Tue, Aug 22, 2017 - Page 16 News List

Ice hockey makes splash in tropics, puddles and all


Indonesia players warm up before their match against Malaysia at the Southeast Asian Games in Kuala Lumpur on Sunday.

Photo: AFP

Puddles on the rink did not dampen enthusiasm as ice hockey made its Southeast Asian Games debut in tropical Malaysia, a country with no winter months but with ambitions in winter sports.

As the hosts beat Indonesia 10-3 in the first Games ice hockey match, marshals with squeegees had to mop up water after the ice started to melt in the first period.

Keeping the ice frozen is not easy in Malaysia, a steamy, winterless country where snow is unheard of, temperatures rarely dip below 20oC and humidity hovers at 80 percent.

However, Malaysia coach former Hungarian international Kristof Kovago said his players were used to a bit of water on the rink — and even saw it as an advantage.

“It is common in Southeast Asia because the weather is way too hot and very humid and there are a lot of people inside [the venue], so it’s very difficult to keep the temperature down,” he said.

“We’re used to it, that’s our advantage actually. We’ve practiced a lot in this kind of situation,” Kovago said. “It’s more sticky, so the puck will not slide. So a lot of times, you try to control the puck and you’ve just lost it because it will get stuck in the water.”

“So it’s not really an advantage, but we got used to it, so we learned to play in these kind of conditions,” he added.

Sunday’s game was at Kuala Lumpur’s brand new national ice skating stadium, in the heart of a suburban shopping mall which remains partially under construction.

The rink, described by Indonesia coach Gary Tan as the best in Southeast Asia, has had a few teething problems and it was previously blanketed by a thick fog, before staff adjusted the temperature settings.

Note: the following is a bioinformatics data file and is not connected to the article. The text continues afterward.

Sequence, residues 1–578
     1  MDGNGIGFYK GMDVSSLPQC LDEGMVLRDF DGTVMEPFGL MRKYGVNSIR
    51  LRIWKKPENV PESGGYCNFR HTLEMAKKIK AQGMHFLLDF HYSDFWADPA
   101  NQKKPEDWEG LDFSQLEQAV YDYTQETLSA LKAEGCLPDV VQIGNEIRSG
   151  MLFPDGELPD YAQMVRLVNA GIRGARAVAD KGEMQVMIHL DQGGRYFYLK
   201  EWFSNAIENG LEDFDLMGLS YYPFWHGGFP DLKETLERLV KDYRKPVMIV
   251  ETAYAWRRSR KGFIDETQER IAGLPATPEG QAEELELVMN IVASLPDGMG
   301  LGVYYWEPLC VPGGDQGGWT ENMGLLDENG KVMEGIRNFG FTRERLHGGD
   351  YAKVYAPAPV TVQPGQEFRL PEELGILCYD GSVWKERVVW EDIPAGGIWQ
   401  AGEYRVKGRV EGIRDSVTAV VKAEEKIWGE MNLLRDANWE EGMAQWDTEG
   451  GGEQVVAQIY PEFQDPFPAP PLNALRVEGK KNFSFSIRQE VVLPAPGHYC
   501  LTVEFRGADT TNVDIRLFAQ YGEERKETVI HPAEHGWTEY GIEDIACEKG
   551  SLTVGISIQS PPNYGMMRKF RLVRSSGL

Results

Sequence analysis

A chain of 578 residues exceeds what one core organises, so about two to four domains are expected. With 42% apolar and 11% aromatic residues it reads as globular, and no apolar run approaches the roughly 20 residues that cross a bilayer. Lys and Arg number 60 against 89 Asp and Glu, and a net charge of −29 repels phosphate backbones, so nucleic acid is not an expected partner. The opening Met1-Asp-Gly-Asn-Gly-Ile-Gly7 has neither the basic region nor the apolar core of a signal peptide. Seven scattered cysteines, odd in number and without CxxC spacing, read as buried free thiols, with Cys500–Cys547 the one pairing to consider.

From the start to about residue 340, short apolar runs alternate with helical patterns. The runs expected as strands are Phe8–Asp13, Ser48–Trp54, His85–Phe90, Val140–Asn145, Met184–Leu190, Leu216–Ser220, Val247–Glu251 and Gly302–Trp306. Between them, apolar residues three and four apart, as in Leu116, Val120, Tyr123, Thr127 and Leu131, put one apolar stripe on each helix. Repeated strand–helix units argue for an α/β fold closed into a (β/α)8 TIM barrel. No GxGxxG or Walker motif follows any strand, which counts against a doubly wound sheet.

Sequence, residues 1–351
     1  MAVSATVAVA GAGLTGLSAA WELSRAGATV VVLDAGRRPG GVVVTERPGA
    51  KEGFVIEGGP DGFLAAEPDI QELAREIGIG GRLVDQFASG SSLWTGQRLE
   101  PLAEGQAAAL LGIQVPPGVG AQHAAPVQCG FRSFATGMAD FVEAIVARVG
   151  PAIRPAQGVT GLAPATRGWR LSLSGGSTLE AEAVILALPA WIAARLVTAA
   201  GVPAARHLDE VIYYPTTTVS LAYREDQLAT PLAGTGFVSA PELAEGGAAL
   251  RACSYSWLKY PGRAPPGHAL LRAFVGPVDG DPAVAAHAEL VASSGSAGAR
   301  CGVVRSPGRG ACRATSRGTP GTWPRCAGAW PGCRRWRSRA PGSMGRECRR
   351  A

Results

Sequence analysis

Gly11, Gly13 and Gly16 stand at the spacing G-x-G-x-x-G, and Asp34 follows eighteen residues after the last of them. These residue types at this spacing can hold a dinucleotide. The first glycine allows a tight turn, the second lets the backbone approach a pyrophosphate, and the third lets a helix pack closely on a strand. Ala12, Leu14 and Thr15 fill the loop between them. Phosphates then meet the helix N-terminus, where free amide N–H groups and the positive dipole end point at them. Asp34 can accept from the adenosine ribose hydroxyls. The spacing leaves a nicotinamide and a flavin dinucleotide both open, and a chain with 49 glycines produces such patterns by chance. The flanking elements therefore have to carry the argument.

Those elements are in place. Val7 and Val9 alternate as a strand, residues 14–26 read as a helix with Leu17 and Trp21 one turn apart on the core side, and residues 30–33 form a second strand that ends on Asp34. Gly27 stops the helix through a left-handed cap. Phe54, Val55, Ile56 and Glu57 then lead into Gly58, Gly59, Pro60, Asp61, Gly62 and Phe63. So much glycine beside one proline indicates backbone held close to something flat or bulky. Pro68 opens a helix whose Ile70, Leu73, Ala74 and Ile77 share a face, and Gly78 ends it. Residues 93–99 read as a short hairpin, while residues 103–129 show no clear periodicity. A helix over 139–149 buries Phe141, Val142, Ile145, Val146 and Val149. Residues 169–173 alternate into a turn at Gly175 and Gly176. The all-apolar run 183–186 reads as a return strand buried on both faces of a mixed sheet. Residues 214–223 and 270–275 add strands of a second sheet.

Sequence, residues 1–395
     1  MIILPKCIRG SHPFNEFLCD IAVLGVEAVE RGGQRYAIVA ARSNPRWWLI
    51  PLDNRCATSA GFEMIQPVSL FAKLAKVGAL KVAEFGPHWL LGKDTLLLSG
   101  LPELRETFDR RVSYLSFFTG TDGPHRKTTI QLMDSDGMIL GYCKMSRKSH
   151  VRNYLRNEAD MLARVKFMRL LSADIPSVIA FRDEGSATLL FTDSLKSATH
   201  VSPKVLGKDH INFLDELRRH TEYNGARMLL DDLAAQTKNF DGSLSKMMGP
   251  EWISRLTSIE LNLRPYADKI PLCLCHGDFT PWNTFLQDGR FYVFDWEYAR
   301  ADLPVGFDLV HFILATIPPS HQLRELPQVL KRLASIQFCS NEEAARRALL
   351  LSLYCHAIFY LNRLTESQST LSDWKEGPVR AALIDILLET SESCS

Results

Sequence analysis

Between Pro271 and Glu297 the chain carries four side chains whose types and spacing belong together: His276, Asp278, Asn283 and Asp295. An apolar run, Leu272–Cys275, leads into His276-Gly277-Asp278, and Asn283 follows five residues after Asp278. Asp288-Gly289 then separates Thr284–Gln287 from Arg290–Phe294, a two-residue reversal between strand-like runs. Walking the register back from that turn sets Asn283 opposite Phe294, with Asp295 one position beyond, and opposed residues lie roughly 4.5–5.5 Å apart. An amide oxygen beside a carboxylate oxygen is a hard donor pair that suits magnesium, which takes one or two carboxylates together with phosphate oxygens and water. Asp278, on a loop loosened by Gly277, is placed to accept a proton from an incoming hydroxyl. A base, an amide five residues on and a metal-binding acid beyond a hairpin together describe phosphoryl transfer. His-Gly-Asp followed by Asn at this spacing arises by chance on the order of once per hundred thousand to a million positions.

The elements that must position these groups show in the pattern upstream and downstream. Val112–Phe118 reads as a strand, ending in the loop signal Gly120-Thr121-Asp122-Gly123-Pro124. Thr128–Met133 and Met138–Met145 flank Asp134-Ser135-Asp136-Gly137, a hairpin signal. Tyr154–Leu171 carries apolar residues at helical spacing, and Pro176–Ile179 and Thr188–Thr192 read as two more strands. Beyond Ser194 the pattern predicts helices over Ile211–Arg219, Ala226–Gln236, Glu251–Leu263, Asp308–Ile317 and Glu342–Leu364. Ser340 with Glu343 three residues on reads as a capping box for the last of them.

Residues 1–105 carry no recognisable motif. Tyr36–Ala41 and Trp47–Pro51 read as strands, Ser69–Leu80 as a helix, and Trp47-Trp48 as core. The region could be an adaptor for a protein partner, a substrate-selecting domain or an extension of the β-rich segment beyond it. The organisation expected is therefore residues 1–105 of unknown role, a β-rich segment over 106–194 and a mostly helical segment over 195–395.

On Sunday the rink was ringed by hundreds of enthusiastic fans, raising the temperature beyond normal levels.

“In the first period they found it difficult to skate, but eventually they were able to skate well and overall the play was quite good,” Malaysia team leader Hisham Yahaya said. “They’re used to soft ice. The ice here isn’t very hard, but they’re able to adjust.”

Ice hockey remains in its infancy in Southeast Asia and is usually played by small groups of enthusiasts.

Indonesia’s team have only been together for a matter of months and they are playing only their second tournament after making their debut at this year’s Asian Winter Games in Japan.

“This is a milestone in the bigger development of this super-beautiful sport, ice hockey,” Indonesia captain Jonathan Sudharta said. “Asia is not known for ice games, but I think this is a great milestone to develop this even further in the future.”

“It’s a beautiful rink compared to what we have in Indonesia, so we don’t want to complain about the wet or anything,” Sudharta said.

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